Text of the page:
4 Ways To Successfully Onboard Into A New Role post-graduation
Well, done! You have graduated, and landed a job offer. Then, you have finally accepted the job position and you are about to start your new role very soon. Congratulations!
What is next, and what are the steps you can take to make your transition to the company smooth?
The on-boarding process can be tricky, especially if it is your first job in the industry. Many career experts such as Tim Denning suggest that the “on-boarding phase” should already start from your final interview process. Here, you should ask the firm, “Why is this role vacant?” and “In the next six months, how would you be able to define whether I have been a successful hire for this role?” The vacancy of the role can provide you with relevant information as to how you should approach the position. If the position is new, that usually implies that the company is expanding and taking on more clients and projects. In this case, you can approach the role with more autonomy and have the chance to make a greater impact on the firm. On the flip side, if the team is large and you will work with several subordinates, then that means it is important for you to adapt to the company culture and learn how the teams function on a day-to-day basis.
The second question is there to understand the expectations of the company. When you are able to grasp the needs of the company, you will be able to prioritise your responsibilities accordingly and help the company grow with your expertise in a specific domain. Naturally, you want to make the best impression on your subordinates, peers and managers.
Post-interviews and during your first few weeks, we bring you four different ways to be onboarded successfully into your new role:
Make a genuine effort to make relationships at the company. What do we mean by this? Well, initiate the effort to greet new colleagues and interact with them on a daily basis. This can be as straightforward as conversing with them and even having lunch with your colleagues. Relationships are cultivated over time, and the fact that you initiate the first steps will mean a great deal to your peers. Moreover, you will understand the way you are able to communicate with different individuals at the workplace - which adds to your ability of getting along with everyone at the office.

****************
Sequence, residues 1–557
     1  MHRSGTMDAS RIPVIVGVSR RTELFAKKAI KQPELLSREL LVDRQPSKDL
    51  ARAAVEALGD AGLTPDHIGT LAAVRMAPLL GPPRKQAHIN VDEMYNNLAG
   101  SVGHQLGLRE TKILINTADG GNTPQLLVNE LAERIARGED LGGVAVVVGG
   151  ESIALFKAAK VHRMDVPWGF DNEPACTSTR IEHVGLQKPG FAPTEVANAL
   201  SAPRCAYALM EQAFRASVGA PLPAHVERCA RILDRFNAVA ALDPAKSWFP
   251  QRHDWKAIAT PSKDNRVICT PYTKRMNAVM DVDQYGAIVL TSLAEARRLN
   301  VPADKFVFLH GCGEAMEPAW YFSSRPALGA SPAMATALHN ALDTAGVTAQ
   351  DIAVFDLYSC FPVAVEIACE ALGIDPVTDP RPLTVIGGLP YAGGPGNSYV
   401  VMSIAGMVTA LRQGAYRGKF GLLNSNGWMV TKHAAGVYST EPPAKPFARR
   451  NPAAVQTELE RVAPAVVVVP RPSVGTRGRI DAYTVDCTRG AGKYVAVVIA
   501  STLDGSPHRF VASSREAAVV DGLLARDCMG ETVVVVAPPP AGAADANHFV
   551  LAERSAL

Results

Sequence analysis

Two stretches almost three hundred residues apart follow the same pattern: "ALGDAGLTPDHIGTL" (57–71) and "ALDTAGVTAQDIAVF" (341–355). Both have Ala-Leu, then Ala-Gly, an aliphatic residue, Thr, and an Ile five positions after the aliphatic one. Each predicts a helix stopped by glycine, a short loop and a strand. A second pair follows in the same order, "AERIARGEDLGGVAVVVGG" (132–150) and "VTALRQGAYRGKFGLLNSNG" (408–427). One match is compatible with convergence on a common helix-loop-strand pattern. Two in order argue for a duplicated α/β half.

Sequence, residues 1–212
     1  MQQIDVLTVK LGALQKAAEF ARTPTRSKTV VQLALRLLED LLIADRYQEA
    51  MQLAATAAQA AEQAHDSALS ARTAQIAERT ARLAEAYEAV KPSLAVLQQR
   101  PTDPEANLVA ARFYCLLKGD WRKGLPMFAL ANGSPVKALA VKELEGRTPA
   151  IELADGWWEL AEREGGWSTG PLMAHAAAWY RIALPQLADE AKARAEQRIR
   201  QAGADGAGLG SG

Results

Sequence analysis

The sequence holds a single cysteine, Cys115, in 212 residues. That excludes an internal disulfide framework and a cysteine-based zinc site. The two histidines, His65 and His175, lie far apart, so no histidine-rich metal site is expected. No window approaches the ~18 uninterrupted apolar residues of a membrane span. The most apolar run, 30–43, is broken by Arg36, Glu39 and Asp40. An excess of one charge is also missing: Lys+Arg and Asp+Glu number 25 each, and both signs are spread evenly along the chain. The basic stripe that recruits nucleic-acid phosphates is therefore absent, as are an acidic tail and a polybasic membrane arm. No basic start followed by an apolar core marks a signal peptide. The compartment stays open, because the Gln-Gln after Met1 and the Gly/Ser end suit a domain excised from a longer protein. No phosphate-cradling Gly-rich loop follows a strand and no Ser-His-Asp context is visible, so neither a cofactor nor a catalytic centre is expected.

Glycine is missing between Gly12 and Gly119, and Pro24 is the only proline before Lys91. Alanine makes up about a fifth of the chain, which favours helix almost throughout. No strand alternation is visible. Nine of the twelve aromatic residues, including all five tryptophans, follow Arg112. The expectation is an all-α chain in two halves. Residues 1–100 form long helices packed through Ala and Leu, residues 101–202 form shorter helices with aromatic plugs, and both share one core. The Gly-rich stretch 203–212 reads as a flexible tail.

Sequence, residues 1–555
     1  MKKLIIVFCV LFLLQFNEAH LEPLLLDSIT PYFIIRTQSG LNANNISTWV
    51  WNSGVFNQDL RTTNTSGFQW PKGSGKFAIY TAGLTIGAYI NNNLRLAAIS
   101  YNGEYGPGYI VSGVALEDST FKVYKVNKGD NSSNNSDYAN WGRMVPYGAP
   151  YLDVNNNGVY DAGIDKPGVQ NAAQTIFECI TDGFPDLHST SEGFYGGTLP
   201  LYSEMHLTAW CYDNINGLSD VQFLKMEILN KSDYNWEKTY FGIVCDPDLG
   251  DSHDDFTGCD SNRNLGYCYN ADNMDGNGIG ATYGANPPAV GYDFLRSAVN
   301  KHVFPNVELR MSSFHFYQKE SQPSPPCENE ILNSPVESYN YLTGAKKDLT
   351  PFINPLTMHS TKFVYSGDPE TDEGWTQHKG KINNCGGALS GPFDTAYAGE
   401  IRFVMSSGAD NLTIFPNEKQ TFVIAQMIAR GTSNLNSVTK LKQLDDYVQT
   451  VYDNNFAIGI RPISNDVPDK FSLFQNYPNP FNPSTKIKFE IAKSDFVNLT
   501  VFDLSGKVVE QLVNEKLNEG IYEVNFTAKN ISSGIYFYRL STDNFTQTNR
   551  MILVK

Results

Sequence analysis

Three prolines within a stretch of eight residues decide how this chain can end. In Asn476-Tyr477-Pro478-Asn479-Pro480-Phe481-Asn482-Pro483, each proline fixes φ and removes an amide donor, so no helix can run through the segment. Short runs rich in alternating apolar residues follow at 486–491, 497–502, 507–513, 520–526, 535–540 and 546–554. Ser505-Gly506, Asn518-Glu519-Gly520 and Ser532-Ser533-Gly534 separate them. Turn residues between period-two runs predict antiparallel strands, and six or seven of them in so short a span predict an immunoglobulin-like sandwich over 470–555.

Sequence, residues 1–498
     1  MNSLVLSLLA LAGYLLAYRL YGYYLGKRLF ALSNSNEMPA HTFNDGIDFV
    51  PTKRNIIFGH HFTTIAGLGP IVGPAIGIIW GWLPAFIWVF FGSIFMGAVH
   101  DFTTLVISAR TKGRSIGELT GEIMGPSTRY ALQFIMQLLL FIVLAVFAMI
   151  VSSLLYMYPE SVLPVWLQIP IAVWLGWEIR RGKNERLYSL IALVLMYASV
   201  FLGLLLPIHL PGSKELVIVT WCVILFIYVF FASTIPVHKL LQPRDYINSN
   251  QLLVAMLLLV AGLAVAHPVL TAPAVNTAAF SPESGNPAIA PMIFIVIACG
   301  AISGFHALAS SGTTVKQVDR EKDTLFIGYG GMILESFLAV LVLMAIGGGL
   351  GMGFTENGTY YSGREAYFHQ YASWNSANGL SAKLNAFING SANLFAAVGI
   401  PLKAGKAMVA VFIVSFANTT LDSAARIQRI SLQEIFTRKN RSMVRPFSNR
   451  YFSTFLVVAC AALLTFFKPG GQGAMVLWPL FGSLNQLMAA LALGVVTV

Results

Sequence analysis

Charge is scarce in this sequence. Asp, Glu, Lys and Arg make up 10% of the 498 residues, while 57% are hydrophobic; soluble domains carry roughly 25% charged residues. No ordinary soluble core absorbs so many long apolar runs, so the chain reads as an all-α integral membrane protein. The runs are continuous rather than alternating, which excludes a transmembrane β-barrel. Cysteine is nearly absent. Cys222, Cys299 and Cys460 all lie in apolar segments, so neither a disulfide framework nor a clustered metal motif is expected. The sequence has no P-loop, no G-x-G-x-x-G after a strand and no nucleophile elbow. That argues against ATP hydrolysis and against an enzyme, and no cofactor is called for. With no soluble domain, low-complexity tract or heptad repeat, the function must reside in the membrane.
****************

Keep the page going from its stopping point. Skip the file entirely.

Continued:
Proactiveness leads to positive actions. During your first week at the firm, do not expect to be hand held and shown around the company at all times. Instead, create a 30, 60, 90-day plan to organise your timetable and prioritise your day-to-day responsibilities. Review this plan with your manager and ask them for feedback. This is important since you will show proactivity and the eagerness to get started with your work as soon as possible.
In many ways, this is the hardest tip. Ask questions! Many fresh employees, especially young graduates shy away from asking questions, and then get into trouble when they perform a very important task. The best strategy is to compile a set of questions in your notebook or notepad and ask your supervisor the next day. This creates efficiency; it will demonstrate your attentiveness to your peers and you will not be bombarding them with questions at random points of the day. On a performance level, it is crucial to ask your managers how your work will be evaluated; the certain processes involved and what your short, long-term expectations are for your position.
Observe and listen to absorb the style and culture of the company. It is important especially in a new role to learn the ropes of how your team functions and how the decisions are made before a new project is launched. As a result, it is integral for you to listen more in the first weeks to a month before implementing any major changes, especially without the consent of your subordinates. Learn about the tools used by the company to communicate cross-functionally such as Slack, Google Calendar. Furthermore, familiarise yourself with project management tools such as Figma, Monday or Trello depending on what the company uses. Now, take all these tips and use them to onboard into your new role! Share your experiences with us, your friends and your peers!
- Areeb, a first year master's student, who recently changed his major from Information and Service Management to Management and International Business. For the 2022 intake, this study option has been divided into 3 new study options: